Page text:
Born in 1908 in Grafskoy, Russia, William Komesaroff was one of three Australian survivors of Grafskoy, (now in Ukraine) when he died in 1996. The book’s title is derived from a Yiddish expression William often used: ‘What the eye will see the mind can never comprehend.’ His son, Michael, chronicler of his father’s story and the family history, felt it reflected the unexpected life found thanks to the efforts of William’s brother Yaakov-Leib in bringing the family to Australia.
Yaakov-Leib migrated to Australia and under almost impossible circumstances managed to get the family to Melbourne in 1922. It was William’s wish that his brother’s efforts be acknowledged, and Michael has faithfully recorded his father’s account of events. From 21st century Australia we are taken back to the rich Jewish family life in Grafskoy centred around Torah, work, education, and getting enough food, in the face of appalling anti-Semitic pogroms, the struggle to escape and to settle in a new country.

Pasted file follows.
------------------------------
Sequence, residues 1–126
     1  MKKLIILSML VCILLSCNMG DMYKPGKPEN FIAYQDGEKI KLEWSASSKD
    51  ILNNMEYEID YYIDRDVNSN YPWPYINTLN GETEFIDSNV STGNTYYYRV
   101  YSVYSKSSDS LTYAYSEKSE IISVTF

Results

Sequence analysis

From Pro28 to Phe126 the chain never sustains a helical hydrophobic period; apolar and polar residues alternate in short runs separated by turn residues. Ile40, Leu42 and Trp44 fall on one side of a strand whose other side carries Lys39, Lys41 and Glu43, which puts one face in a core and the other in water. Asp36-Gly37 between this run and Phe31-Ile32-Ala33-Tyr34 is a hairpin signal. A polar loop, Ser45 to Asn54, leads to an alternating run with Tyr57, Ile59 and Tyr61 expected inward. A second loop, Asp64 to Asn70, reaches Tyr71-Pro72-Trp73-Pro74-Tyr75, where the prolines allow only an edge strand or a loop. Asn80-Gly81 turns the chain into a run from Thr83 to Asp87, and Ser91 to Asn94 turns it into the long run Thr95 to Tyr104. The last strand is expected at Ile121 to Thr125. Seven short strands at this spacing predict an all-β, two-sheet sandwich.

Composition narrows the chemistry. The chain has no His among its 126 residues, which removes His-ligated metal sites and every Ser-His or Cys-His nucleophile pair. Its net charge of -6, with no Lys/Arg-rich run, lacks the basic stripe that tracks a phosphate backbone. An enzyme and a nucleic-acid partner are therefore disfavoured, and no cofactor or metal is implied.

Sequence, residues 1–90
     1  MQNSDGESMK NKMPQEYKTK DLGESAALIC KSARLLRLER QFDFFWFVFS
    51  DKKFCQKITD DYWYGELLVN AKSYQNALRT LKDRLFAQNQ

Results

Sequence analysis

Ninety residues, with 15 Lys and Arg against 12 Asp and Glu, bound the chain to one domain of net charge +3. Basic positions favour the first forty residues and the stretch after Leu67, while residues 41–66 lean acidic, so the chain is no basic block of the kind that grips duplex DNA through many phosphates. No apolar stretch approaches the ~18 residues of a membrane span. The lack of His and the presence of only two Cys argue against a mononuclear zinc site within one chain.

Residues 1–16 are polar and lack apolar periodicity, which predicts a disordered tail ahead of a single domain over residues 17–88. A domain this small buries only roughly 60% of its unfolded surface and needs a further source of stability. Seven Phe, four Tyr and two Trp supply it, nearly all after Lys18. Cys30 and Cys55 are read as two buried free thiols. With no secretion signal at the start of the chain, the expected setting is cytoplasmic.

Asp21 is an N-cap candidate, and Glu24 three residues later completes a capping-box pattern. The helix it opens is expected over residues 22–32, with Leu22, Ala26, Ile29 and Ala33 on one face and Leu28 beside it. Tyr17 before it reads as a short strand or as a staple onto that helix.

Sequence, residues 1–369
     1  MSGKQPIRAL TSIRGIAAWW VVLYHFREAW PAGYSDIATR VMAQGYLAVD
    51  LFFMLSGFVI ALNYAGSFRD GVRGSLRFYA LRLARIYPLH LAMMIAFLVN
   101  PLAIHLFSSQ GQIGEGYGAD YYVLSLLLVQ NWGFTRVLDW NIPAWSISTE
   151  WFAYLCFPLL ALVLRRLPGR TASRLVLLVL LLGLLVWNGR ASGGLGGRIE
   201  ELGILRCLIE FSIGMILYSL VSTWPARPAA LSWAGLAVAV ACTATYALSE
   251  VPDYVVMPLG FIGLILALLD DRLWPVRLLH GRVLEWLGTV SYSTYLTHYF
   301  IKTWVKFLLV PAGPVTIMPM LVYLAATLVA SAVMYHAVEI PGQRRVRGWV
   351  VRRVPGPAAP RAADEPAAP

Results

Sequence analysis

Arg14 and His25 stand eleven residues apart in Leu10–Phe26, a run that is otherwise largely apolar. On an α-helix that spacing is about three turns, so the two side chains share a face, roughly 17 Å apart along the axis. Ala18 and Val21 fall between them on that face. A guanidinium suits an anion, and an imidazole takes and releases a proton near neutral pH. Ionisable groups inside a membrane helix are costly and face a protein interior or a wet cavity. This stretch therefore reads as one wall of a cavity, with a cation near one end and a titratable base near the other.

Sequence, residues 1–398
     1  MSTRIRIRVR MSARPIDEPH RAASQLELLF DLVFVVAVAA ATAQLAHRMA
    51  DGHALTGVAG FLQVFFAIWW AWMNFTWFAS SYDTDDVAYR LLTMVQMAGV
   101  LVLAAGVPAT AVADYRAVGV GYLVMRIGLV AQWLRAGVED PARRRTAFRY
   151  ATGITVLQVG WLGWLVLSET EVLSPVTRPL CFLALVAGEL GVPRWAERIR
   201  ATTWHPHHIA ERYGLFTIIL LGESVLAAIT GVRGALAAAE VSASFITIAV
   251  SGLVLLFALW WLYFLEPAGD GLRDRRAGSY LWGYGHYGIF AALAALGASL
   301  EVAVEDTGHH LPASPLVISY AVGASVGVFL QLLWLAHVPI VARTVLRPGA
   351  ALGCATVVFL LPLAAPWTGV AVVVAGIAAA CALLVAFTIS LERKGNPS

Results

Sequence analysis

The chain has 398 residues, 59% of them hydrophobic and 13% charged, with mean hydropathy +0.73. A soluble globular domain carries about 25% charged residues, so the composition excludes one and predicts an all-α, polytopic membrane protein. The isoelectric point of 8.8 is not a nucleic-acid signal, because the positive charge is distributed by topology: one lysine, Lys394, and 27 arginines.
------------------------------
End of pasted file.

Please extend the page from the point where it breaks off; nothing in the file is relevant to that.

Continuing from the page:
The book also comprises text from other family members and material from Michael’s extensive research; he has elegantly combined them into a vivid, multi-voiced history of what has become a well-known and widely respected family in Australia. William’s innate decency, modesty and love for his family shine through and, were he to look back, he would surely say, ‘What the eye will see…’